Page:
NASA's powerful Space Launch System rocket is a few steps closer to launching the Orion spacecraft now that its liquid propellant tanks are ready for testing.
Assembled by the world's largest robotic rocket welder at NASA's Michoud facility in New Orleans, USA, the liquid oxygen tank seen here is ready for qualification, while the remaining three tanks are being processed.
The tanks must prove they can do exactly what they were designed to do as well as pass structural testing. At NASA's Marshall Space Flight Center in Huntsville, Alabama, they will be strapped to the engines and fired to check their performance under launch conditions.
The liquid oxygen and hydrogen tanks hold over 2.6 million litres of propellant to power the rocket's core stage that is comprised of four RS-25 engines and two solid rocket boosters.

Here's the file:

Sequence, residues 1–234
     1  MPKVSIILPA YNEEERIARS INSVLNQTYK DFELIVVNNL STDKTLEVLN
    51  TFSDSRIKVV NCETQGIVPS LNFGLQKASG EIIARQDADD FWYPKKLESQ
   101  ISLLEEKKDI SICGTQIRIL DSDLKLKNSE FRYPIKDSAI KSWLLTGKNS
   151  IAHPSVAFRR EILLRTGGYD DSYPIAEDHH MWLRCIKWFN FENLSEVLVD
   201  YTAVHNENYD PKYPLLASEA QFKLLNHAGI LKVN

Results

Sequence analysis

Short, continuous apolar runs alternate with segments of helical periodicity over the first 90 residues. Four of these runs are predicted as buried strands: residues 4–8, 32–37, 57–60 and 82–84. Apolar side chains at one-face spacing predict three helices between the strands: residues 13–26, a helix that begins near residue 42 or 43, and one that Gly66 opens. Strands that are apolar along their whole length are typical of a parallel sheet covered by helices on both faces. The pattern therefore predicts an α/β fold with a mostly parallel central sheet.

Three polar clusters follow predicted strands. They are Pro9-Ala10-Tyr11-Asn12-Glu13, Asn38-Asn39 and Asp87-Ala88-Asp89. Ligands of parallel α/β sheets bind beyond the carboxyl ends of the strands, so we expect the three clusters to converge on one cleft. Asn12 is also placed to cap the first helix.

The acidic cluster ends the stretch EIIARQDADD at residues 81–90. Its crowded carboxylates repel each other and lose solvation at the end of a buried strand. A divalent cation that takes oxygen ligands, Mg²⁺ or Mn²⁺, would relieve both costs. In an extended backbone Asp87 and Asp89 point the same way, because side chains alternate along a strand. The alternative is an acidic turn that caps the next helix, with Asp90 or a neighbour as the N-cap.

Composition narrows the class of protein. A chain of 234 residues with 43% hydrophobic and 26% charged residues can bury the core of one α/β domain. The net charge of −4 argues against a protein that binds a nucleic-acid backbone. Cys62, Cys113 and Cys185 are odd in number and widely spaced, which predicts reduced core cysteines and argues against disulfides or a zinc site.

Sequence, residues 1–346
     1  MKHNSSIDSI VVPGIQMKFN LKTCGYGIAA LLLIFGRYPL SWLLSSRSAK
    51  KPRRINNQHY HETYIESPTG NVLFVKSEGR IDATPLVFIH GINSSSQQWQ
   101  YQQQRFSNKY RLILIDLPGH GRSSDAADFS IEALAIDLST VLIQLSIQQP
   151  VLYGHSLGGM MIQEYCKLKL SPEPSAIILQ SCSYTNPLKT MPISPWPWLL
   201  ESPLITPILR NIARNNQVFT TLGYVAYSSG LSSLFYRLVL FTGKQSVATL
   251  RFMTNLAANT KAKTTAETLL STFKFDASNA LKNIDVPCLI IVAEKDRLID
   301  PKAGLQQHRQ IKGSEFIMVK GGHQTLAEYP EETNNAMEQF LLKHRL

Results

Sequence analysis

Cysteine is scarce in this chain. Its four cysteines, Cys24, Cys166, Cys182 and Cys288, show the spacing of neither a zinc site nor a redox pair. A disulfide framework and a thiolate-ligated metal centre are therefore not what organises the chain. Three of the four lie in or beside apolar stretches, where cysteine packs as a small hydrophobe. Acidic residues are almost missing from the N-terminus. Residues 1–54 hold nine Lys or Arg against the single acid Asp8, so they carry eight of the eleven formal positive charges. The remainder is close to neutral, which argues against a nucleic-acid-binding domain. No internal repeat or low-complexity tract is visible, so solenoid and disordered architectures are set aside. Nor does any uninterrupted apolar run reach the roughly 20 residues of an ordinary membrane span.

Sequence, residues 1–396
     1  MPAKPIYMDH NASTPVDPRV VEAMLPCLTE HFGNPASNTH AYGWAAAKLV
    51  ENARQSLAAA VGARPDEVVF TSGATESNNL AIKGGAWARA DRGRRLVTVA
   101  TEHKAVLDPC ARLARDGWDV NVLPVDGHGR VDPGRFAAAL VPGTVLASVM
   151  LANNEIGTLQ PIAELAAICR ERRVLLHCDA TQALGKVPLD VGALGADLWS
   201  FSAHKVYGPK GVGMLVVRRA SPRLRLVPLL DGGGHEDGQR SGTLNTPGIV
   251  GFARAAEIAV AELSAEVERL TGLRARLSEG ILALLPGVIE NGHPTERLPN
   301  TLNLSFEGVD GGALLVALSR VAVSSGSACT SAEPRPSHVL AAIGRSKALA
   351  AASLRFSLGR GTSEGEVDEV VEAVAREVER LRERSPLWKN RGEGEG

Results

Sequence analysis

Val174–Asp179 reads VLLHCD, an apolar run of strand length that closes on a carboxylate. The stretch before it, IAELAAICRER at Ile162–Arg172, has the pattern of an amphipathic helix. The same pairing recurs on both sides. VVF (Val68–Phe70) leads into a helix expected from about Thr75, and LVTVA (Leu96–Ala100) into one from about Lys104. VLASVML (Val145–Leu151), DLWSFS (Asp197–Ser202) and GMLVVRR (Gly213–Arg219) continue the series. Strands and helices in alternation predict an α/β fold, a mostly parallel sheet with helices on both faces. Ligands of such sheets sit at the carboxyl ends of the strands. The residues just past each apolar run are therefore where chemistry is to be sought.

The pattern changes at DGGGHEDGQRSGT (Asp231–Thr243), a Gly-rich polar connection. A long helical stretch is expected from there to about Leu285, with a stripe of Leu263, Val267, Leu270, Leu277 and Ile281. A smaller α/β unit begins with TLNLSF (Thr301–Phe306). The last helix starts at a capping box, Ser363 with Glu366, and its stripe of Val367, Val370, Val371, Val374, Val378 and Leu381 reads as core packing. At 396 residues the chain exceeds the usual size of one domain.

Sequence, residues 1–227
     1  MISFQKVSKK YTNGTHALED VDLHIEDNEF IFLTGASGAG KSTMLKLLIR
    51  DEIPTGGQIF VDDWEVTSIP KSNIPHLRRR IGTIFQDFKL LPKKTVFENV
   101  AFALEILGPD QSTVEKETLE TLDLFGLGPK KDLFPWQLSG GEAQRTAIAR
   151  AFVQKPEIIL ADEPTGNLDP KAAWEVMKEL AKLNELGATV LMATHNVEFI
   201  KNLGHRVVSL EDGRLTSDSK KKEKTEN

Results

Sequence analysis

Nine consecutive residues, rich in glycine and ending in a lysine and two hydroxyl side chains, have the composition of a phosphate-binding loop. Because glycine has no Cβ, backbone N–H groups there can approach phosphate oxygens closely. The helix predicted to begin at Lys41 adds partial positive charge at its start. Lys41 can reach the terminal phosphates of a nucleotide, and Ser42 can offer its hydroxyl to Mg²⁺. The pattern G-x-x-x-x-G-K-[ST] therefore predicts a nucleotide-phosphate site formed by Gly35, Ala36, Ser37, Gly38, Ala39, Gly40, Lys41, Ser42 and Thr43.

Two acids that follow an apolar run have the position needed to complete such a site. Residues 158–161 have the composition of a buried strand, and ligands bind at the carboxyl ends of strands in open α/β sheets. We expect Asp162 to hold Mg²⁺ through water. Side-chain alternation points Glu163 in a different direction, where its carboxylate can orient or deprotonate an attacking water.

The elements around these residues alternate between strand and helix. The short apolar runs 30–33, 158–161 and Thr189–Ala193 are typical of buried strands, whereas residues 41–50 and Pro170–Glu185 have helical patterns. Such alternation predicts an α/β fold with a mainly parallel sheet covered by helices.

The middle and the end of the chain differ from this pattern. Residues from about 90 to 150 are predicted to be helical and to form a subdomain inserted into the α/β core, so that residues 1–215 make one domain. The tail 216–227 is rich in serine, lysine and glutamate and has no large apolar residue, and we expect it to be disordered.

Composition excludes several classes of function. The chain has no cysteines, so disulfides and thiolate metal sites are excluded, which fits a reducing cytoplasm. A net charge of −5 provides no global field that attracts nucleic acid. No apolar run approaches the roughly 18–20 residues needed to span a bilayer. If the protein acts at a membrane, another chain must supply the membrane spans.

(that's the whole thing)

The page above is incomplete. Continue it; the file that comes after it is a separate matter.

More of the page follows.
Every bit of that thrust will be needed to propel the Orion spacecraft beyond low orbit to the Moon and beyond, for which ESA is contributing the European Service Module (ESM).
Once in orbit, the ESM will provide the spacecraft with electricity, water, oxygen and nitrogen as well as temperature control. A propulsion qualification module is being tested at the White Sands Test Facility in the US.
NASA's uncrewed Exploration Mission-1 will be launched from the historic pad 39B at the Kennedy Space Center in Cape Canaveral, sending Orion some 70 000 km beyond the Moon before it returns to Earth.
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